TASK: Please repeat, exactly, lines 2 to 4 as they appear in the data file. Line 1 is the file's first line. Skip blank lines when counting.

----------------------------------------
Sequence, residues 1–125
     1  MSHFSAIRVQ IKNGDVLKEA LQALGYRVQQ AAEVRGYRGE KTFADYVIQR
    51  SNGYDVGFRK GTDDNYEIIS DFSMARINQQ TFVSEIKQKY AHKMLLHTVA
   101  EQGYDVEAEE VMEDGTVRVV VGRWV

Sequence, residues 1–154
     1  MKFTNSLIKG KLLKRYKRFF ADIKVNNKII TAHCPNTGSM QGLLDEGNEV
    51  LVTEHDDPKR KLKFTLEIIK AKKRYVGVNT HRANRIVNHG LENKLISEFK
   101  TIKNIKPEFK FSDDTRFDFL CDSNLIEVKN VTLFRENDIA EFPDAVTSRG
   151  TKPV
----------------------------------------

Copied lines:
     1  MSHFSAIRVQ IKNGDVLKEA LQALGYRVQQ AAEVRGYRGE KTFADYVIQR
    51  SNGYDVGFRK GTDDNYEIIS DFSMARINQQ TFVSEIKQKY AHKMLLHTVA
   101  EQGYDVEAEE VMEDGTVRVV VGRWV